T Nation

Get to the Core of the Matter


#1

Alright, a few years ago I saw a guy in the gym doing dumbbell side bends. He was the first guy I had seen doing them in a long time. Around that time I injured my back in a meet. Luckily I was able to heal fast, but it made me think.
I also study taichi. Practioners believe the center of the body to be at a point just below the navel, tantien. We believe the center of the body indeed all strength to be here.

So when I began healing I developed a rehab program. It helped not only the back, but the training hit the core of the body. I began a search for exercises to hit the trunk of the body, and took my mind back to the 1960's when I started in the sport. Something cool happened.

I got stronger and my squat and deadlift are getting better again. You cannot overtrain the core, like calves, forearms, and abs. The core heals quickly. When getting ready for a meet I hit the gym 5 to 6 times per week. I do not lift each time, 2 or 3 of these workouts are cardio and trunk work.

Also I hit the trunk on squat and deadlift days. There are more exercises for the trunk of the body, than excuses you can give your wife for not putting wash in the hamper.
The Westside guys practice it, and it does you a lot of good. Hey even in everyday life, it is great.

I always remember a bodybuilder I knew many many moons ago. He was huge, arms, chest, quads. However when he went to the old WWF to try out, they rejected him. His lower back was deemed dangerously weak. He also had groin problems.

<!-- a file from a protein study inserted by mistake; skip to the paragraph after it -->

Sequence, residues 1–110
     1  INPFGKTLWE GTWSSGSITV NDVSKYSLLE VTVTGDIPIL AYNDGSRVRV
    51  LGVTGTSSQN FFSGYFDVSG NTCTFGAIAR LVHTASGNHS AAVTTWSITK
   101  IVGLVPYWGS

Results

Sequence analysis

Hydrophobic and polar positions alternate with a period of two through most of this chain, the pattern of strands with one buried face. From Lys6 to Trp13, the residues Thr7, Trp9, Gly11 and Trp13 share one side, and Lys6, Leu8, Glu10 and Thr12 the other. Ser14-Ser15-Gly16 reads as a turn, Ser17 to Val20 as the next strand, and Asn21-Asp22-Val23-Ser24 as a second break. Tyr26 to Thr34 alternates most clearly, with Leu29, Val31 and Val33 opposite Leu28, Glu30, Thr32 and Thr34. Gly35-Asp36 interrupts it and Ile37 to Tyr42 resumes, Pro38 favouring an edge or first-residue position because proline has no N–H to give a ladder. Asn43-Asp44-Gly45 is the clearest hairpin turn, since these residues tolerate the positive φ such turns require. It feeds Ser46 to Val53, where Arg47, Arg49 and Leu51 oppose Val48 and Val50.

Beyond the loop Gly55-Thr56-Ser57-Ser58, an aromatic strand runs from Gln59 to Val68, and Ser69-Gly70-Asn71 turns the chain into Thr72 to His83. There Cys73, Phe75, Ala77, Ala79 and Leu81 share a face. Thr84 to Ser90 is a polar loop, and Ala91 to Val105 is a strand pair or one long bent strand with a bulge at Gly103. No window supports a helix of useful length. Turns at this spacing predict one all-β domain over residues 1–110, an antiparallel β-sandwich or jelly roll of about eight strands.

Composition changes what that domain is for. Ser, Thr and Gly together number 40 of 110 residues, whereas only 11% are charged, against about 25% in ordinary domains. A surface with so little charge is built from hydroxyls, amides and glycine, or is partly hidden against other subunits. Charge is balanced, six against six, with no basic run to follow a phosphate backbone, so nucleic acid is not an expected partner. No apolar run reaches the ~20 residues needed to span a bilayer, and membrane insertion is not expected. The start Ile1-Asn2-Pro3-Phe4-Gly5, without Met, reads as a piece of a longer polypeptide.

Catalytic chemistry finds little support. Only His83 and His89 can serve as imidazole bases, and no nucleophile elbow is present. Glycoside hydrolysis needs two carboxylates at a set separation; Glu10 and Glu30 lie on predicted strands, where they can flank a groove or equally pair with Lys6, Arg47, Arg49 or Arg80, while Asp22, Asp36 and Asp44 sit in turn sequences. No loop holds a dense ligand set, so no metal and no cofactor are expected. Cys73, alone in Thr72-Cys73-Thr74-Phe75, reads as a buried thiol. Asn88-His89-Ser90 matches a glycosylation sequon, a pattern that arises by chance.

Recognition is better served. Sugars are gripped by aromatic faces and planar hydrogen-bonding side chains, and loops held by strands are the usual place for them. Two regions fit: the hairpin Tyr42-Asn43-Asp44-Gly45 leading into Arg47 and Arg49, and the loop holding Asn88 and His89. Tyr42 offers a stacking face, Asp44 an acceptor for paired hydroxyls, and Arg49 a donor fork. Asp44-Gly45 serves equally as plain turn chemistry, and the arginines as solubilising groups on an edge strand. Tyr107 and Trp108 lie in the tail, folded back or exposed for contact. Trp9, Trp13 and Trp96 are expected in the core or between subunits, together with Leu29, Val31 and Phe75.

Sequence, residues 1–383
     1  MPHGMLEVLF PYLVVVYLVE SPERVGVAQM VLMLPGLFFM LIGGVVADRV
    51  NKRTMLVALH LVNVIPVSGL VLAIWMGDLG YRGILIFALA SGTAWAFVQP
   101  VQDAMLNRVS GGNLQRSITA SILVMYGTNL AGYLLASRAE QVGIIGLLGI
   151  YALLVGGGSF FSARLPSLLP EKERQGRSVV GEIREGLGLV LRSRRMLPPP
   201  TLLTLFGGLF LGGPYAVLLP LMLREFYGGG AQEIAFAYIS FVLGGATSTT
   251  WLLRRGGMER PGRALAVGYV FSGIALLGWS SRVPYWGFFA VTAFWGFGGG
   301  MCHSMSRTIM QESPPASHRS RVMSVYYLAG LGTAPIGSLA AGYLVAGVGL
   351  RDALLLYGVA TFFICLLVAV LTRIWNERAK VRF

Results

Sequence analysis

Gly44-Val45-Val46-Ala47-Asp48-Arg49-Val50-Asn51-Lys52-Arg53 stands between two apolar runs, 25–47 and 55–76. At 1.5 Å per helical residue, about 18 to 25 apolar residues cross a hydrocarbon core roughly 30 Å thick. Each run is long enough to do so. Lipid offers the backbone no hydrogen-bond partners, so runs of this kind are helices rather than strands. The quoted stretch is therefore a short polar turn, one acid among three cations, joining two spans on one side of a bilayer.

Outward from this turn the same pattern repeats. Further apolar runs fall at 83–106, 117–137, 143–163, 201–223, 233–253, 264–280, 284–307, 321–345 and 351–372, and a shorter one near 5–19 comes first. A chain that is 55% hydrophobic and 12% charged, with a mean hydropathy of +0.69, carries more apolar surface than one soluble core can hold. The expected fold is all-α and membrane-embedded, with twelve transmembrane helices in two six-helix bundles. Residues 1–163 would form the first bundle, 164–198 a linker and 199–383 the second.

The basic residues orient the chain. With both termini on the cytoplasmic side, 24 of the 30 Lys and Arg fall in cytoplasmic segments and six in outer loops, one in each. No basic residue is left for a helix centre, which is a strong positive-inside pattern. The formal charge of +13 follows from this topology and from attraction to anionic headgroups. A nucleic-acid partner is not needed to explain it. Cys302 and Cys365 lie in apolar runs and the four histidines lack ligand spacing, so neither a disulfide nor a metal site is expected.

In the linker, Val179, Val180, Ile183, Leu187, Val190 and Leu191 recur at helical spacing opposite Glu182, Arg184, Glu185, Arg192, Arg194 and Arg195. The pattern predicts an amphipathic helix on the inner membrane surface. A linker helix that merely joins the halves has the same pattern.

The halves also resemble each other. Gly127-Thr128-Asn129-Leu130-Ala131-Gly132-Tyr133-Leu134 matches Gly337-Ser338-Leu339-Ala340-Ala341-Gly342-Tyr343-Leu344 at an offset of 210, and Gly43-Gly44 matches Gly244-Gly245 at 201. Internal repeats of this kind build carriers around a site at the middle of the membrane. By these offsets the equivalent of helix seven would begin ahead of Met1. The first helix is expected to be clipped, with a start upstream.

Look I am getting stronger even at 55 so no excuses maggots.

Getting the trunk in shape will help powerlifters, Olympic lifters, bodybuilders, strongmen, all athletes. I remember 2 season ago when several baseball players were out for a long time with pulled and strained obliques. Hello mental giants, obliques are a part of the trunk.

So guys and gals, they always talk about a strong foundation. The foundation starts with a good core.
So stay strong, and remember growing old is not for sissies.


#2

Hey, good advice.

What type of exercises are you typically doing to train your core? What in your mind are the best ones?

Cheers!


#3

Rotational movements were popular among physical culturalists at the beginning of 20th century, I think.


#4

Exercises we do for the core include;
Pull thrus with either cable or kettle bells.
back raises on the incline setup.
Again using the incline deal with do a tri set of side raises for each side, then regular.
Dumbbell and cable side bends.
Several exercises using the Allen Core Wheel, check it out at www.allencorewheel.com.

Bridges between benches each side then face down and putting chains on the waist to strengthen.
Several kinds of crunches.
Leg Raises.
Reverse Hypers
Vertical crunches done with the big rubber bands hanging from top of Smith machine.
So as you can see there are lots to choose from.